the concern, we had a presentation from the members of staff concerned,
we were struck by the strategy they outlined to us and it gave
us confidence in the way that they were going to regulate small
794. Very good. In response to Lord Elton you
mentioned two things: one was that you had the right to publish
and the other was that you would keep probing.
(Ms Foster) Yes.
795. Can you give me an unhappy example where
the FSA did not like your critique and you did publish and you
did keep probing and you won?
(Ms Foster) One area where we have kept at it is actually
on the financial promotion side. This is a very strange field.
If a consumer complains about an advertisement which they believe
to be misleading and they write to the FSA to make this complaint,
they do not know what the outcome is. So even if the FSA agrees
with them that it is misleading, even if they talk to the firm,
there is no way the FSA can make public that kind of information
unless it goes to the full enforcement procedure, which is very
lengthy and almost counterproductive to the problem which is trying
to be solved. We think this is totally contrary to the interests
of consumers at large, so we have raised the issue with the FSA
repeatedly. At first the response was that this was a problem
with the legislation, even if they wanted to they cannot as this
is what the constraints of the legislation are. We then did a
very high profile press release and got lots of coverage for it
and we have continued to work with the FSA on this. They are now
looking at the legislation to see whether it is possible to go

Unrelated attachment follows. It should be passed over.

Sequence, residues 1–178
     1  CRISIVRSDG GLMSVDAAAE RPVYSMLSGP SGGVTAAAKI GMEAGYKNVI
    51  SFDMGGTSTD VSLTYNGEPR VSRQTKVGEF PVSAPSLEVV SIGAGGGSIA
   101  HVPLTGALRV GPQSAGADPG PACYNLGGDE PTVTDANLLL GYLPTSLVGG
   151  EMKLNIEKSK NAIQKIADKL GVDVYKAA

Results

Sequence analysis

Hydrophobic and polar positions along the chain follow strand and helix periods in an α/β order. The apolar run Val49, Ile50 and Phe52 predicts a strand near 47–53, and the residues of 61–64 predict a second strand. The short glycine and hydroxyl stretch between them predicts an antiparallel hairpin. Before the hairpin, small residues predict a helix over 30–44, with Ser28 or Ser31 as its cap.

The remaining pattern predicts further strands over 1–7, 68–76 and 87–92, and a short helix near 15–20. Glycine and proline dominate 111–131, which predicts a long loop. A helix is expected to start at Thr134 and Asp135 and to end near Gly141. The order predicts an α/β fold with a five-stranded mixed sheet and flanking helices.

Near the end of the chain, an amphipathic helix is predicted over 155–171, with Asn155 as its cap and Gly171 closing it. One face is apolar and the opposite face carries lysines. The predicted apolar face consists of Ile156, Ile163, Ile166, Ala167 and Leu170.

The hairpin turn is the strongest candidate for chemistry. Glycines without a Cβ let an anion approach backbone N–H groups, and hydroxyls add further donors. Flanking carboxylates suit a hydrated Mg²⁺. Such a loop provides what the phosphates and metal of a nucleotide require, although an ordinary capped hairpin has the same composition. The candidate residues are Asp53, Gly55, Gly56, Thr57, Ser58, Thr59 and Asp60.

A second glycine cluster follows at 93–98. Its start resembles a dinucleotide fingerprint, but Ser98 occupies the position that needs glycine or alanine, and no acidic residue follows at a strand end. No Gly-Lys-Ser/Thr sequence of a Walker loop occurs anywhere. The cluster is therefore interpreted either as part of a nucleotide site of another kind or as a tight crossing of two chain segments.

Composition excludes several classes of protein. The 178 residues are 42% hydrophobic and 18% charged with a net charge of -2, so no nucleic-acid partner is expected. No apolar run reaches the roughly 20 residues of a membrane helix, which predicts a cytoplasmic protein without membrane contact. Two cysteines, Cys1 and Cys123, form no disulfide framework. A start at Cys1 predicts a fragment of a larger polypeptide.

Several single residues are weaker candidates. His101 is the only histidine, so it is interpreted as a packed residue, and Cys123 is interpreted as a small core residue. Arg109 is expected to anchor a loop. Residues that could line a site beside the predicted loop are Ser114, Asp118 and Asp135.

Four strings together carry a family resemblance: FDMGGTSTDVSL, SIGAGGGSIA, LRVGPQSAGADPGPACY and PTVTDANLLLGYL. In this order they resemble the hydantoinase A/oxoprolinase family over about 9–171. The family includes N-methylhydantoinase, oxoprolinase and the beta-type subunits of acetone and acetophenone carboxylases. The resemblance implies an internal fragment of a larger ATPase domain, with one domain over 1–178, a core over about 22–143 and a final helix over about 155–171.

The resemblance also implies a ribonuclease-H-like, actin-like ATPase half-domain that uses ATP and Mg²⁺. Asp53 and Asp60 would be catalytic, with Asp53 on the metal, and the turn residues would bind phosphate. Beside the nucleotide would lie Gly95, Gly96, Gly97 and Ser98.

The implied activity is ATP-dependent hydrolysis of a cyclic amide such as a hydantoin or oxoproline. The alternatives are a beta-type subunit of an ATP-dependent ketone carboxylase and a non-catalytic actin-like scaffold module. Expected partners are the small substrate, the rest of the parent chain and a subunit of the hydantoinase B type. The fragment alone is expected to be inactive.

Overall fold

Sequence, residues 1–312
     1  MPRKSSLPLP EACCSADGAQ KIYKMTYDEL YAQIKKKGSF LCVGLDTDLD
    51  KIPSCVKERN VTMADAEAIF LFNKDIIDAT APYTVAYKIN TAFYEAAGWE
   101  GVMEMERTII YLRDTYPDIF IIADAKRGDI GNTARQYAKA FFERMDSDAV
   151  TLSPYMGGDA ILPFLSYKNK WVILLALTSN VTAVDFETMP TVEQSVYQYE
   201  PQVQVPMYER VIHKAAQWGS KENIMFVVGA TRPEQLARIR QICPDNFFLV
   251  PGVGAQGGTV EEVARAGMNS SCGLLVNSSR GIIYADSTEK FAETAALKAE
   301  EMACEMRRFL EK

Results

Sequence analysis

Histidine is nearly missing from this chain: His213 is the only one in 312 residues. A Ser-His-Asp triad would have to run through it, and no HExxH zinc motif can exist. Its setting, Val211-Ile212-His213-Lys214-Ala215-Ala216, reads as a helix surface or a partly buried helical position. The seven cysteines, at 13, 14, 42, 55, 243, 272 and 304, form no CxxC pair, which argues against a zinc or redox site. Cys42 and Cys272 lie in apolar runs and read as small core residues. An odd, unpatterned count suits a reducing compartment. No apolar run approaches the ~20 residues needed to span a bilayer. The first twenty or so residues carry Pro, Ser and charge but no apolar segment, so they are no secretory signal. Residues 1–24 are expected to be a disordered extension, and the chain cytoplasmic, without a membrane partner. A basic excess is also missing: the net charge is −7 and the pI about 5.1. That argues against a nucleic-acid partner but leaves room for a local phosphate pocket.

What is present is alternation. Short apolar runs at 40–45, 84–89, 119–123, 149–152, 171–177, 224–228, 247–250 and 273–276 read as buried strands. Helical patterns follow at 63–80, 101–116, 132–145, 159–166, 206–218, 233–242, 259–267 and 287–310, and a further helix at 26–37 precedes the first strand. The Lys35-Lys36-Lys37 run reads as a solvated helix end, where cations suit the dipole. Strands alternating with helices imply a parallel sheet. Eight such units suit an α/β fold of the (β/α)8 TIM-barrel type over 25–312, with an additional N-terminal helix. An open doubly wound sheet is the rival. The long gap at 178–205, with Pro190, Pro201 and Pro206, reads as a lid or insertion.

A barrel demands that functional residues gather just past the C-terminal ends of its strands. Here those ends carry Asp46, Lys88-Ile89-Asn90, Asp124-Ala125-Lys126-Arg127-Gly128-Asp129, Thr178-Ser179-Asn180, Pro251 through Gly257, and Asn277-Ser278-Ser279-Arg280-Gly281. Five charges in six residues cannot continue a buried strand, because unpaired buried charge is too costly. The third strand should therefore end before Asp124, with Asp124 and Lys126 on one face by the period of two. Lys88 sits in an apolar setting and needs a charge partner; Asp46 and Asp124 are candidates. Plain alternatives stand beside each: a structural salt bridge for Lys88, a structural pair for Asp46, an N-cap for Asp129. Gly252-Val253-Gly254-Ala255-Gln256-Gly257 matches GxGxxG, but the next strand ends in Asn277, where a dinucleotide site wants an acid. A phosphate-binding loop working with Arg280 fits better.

further. We have mentioned it already to the Treasury in terms
of the two-year review they are doing of the Financial Services
and Markets Act. Also, the FSA has indeed developed a more comprehensive
financial promotions strategy. We would see that as a success
for the panel. If we had not raised this issue, it probably would
not have been raised. If we had not kept on, we would not have
got where we are now.
796. So you would not say you have totally won
that discussion, but for the most part you have won it. You have
got them to look at the legislation.
(Ms Foster) Some things take a long time, but we have
also had a notable success with one part of the proposed regulation
of mortgage sales bringing what was to be a three-process method
of sale down to two. We appear not to have been successful on
something called the suitability letter. We would like the FSA
to retain the need to send consumers a suitability letter. At
the moment they do not think that this is particularly effective.
The other thing I should say is that we actually get several chances
to make our point. We often talk to FSA staff before they go public
with a consultation. They will come to us with their draft proposals,
we can comment then, then the proposals will come out for public
consultation and we can have another chance then. Sometimes they
will come back to us a third time and say "These are the
results of the consultation. This is what we are minded to do"
and we can have another chance then.
797. When you do go to the press does that happen
quite often, or is it rare that you actually produce a press release?
Do not give me a figure.
(Ms Foster) It happens quite often. The press do not
always take up our press releases, but we have recently had very
good coverage for our annual report and what the press are most
interested in are the areas where we are critical.
798. And the FSA do take note.
(Ms Foster) Yes, they do.
799. May I look at one aspect which is not covered
much in the paper? You touched upon it there and in the highlights
of your annual report. Apart from contacts with the FSA you respond
to government consultation as well, so there is some dialogue
with government, there is dialogue with the FSA. What I want to
bring into this is Parliament. How do you see Parliament's role
in this? You mention in your paper that the Treasury Select Committee
has had a meeting to discuss the annual report. Do you think there
is more that Parliament can and should be doing, looking at it
particularly from the consumer perspective, in other words representing
the consumer, or do you think it is sufficient to be channelled
through you? Should Parliament do more?
(Ms Foster) In terms of FSA's accountability?